The Federal Government has secured passage of a raft of significant changes to the industrial relations system in Australia. The reform proposals have garnered widespread attention and scrutiny. The changes have been the focus of industry groups, politicians and the media before the Fair Work Legislation Amendment (Secure Jobs, Better Pay) Act 2022 (Cth) finally passed both Houses of Parliament on 2 December 2022. Four days later, it received Royal Assent.
The changes introduced range from the introduction of multi-employer bargaining (and the eligibility for participating in the bargaining process), amendments to the application of the ‘better off overall test’ (also known as the BOOT), a prohibition on certain fixed-term contracts and pay secrecy, the abolition of the Australian Building and Construction Commission and greater rights to flexible working arrangements. Given the breadth of the reforms, both employers and employees should be on notice as to how these changes will impact their employment arrangements in the future.
This article summarises the existing enterprise bargaining system, includes a high-level summary of the changes and considers the views advanced on both sides of the debate.Charlie Clark, Maddocks Lawyers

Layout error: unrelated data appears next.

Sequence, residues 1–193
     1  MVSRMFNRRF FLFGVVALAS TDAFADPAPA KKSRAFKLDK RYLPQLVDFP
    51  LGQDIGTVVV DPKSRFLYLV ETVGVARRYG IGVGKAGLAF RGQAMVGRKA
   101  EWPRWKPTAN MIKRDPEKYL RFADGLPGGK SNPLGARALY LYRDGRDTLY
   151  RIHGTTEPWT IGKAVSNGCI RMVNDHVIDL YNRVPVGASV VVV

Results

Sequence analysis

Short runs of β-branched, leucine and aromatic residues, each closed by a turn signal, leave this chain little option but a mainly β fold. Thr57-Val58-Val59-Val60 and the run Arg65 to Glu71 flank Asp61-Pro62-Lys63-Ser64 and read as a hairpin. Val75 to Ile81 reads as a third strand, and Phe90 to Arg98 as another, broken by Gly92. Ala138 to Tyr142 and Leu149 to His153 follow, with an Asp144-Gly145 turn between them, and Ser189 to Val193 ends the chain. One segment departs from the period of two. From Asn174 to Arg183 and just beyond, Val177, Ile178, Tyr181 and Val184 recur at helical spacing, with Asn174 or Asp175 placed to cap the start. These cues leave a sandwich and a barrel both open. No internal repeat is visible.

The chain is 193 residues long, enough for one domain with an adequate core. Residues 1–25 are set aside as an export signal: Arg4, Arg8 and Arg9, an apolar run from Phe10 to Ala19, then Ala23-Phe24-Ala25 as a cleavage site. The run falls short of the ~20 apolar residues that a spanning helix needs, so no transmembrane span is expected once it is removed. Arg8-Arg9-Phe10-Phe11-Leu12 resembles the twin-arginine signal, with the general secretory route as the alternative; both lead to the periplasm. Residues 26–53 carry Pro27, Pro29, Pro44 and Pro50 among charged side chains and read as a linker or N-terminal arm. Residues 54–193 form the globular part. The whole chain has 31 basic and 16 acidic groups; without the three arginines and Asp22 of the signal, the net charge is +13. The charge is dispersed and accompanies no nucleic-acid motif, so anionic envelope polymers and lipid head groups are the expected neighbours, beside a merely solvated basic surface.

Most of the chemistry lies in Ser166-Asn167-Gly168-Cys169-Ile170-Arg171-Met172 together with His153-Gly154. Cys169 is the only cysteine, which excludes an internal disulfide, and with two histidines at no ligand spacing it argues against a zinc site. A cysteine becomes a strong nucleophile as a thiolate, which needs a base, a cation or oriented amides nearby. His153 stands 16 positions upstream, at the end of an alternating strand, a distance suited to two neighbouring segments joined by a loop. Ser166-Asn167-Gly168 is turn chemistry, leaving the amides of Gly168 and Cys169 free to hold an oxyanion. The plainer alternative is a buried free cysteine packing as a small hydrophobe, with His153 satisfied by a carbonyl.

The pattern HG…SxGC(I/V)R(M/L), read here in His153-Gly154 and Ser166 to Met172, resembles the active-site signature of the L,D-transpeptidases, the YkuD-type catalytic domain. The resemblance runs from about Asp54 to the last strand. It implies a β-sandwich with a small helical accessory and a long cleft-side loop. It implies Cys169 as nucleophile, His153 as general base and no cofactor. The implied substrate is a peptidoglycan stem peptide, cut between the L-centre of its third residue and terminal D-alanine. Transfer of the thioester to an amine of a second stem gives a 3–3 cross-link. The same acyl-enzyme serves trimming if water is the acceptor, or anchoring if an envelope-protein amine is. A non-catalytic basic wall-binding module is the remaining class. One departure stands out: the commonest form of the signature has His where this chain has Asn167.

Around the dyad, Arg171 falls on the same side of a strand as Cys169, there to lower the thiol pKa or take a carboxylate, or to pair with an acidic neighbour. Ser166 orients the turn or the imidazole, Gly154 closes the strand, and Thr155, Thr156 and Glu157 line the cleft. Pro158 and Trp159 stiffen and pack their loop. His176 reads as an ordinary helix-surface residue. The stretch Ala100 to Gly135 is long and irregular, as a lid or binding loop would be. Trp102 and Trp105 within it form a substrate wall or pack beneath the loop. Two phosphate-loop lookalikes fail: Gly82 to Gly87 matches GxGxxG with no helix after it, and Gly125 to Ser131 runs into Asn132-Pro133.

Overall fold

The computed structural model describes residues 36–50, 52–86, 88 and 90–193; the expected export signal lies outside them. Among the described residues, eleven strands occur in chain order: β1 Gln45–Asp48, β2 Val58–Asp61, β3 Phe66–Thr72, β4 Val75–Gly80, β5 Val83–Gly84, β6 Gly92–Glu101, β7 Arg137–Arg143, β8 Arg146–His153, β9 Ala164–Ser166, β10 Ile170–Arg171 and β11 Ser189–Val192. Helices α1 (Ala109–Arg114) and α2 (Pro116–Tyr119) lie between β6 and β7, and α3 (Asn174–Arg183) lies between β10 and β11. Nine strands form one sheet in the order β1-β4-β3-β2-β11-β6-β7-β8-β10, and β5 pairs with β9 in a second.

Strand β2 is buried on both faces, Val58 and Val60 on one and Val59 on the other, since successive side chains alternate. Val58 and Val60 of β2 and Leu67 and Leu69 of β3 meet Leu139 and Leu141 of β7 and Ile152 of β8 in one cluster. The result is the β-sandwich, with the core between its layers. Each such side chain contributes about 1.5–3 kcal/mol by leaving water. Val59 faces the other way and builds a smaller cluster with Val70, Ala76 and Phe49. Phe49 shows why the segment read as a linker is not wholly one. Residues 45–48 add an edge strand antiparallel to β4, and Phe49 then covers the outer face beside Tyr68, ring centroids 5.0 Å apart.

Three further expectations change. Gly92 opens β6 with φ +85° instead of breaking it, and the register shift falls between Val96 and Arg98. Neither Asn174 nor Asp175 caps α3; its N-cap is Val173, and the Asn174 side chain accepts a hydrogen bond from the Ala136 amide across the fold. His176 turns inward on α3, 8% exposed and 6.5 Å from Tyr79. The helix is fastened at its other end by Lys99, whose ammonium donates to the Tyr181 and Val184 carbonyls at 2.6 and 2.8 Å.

‘Enterprise bargaining’ is a bargaining process whereby wages and other working conditions are negotiated between employees and their employing organisation. During the enterprise bargaining process, employees are typically represented by a trade union, which is their default bargaining representative. In some circumstances, employees can bargain for themselves. Bargaining representatives are required to act in good faith throughout the bargaining process.
Once the bargaining process is completed and the parties agree on the terms and conditions, the enterprise agreement needs to be voted up by the employees. To endorse the enterprise agreement, a majority of all employees who are covered by the agreement must vote for it to be made. Then, an application for the proposed enterprise agreement must be lodged with the Fair Work Commission (Commission).